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of 1571 bloomed and withered in the summer and autumn

of this year.

The peas blossom nodded and the honeysuckle wafted its perfume; the bees and swallows, and the same shrill corncrake that made little Will forget his declensions and shy a stone at it, reveled in the sun of 1891. The Avon swells among its tangles of wild flowers and reeds, and broods of ducklings hide among the wild thyme of the banks, and swim on its serene surface. The white chestnut blooms fall, the crimson roses flame in the old garden. Across the fields toward the little house of the Hathaways, where Shakespeare's wife lived, the glowing poppies make trails of fire among the soft, velvety green.

In these fields Will played prisoner's base with his brothers, Richard, Gilbert, and Edmund. Here he saw the picture he paints in "Midsummer-Night's Dream," where he makes Oberon say:

"I know a bank where the wild thyme blows,
Where oxlips and the nodding violet grows;
Quite over-canopied with luscious woodbine,
With sweet musk roses and with eglantine."

In the spring, he found by the Avon Ophelia's flowers, those which, in her gentle madness, after Hamlet has killed her father, she offers to the court.

"There's fennel for you and columbines; there's rue for you, and here's some for me: we may call it herb

There's a daisy; I would give you

grace o' Sundays. . some violets, but they withered all when my father died. They say he made a good end." And in the spring, by his own Avon, too, the flowers he weaves into the queen's speech when she tells how the crazed Ophelia died.

By the Avon's banks in the early spring this exquisite glimpse was photographed in colors by his eye, and afterward reproduced in "Winter's Tale":

"... daffodils

That come before the swallow dares, and take
The winds of March with beauty; violets, dim,
But sweeter than the lids of Juno's eyes
Or Cytherea's breath; pale primroses
. . . bold oxlips and

The crown imperial, lilies of all kinds,
The flower-de-luce being one."

Now when you visit Stratford you may get all the flowers mentioned by Ophelia fastened to a sheet of paper, even the violet that "withered when her father died.” You may also get a strip of paper with the famous inscription marked in black on it-that famous inscription which has saved Shakespeare's tomb from desecration. The guide will go down on his knees and trace it for you in the quaint old form :

"Good friend, for Jesus' sake forbear

To dig the dust inclosed here,

Blessed be the man that spares these stones,
And cursed be he that moves my bones."

Shakespeare's father was anxious that his children should be educated well; and so for seven years the boy was kept at the grammar school, which the religiousminded men of the Catholic time had founded and kept alive. By the time he left school his father had become poor. He went into some business or other, -perhaps he was a lawyer's clerk, no one knows. His father, John Shakespeare, did the best he could for his eldest son, and if Will had "small Latin and less Greek," he had enough to teach his younger brothers all they needed; this he probably did.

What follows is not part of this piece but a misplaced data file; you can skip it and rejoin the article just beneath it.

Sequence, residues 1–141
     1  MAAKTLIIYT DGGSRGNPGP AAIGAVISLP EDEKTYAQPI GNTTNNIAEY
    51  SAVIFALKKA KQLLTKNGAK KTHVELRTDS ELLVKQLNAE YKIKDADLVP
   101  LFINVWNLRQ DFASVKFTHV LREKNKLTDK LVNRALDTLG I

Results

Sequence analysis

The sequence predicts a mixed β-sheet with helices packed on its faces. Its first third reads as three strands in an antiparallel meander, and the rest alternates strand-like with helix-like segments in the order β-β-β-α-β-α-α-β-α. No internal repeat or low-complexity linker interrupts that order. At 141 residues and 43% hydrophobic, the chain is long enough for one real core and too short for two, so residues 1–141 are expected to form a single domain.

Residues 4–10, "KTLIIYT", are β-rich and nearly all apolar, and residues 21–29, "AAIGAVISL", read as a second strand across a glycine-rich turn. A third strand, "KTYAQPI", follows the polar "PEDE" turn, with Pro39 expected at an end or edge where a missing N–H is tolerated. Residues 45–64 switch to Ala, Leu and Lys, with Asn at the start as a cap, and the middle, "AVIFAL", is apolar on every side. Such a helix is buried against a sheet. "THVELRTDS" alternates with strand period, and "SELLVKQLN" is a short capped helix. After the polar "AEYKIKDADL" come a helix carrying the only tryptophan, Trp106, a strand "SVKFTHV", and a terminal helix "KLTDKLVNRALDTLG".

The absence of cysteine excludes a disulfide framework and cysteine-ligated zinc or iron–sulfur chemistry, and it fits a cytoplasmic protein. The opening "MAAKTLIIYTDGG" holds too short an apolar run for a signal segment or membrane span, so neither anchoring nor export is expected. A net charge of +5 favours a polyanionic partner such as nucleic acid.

Mr. Kegan Paul says: "It is certain that in the years during which he was at school and in his father's business, he read not many books, but much; and he learned that which ought to be the aim of all boyish education, not to cram the memory with facts and figures, but how to use all that comes to us in life."


Maurice Francis Egan was born in Philadelphia, May 24, 1853. Since leaving college he has been by turns college professor, law student, journalist, and editor, and at the present writing is Professor of English Language and Literature in the Catholic University of America at Washington, D. C. He is a successful writer of that difficult form of verse, the sonnet, and the author of many popular tales.

rumors: popular reports - dormer windows: windows in a roof, set so as to be vertical while the roof slopes.comfits: sweetmeats.

rush a water or marsh-growing plant, used for bottoming chairs, etc. corncrake : a bird which frequents grain fields. -Juno: a goddess, the wife of Jupiter.

The Bells.

Hear the sledges with the bells,

Silver bells!

What a world of merriment their melody foretells!

How they tinkle, tinkle, tinkle,
In the icy air of night!
While the stars, that oversprinkle
All the heavens, seem to twinkle
With a crystalline delight;

Keeping time, time, time,

In a sort of Runic rhyme,

To the tintinnabulation that so musically wells
From the bells, bells, bells, bells,
Bells, bells, bells-

From the jingling and the tinkling of the bells.

Hear the mellow wedding bells,

Golden bells!

What a world of happiness their harmony foretells!
Through the balmy air of night

How they ring out their delight!

From the molten-golden notes,

And all in tune,

What a liquid ditty floats

To the turtledove that listens, while she gloats On the moon!

Oh, from out the sounding cells, What a gush of euphony voluminously wells How it swells!

How it dwells

On the Future! how it tells
Of the rapture that impels
To the swinging and the ringing
Of the bells, bells, bells,

Of the ells, bells, bells, bells,
Bells, bells, bells-

To the rhyming and the chiming of the bells!

Hear the loud alarum bells,
Brazen bells!

What a tale of terror, now, their turbulency tells!
In the startled ear of night

How they scream out their affright!

Too much horrified to speak,

They can only shriek, shriek,

Out of tune,

In a clamorous appealing to the mercy of the fire,

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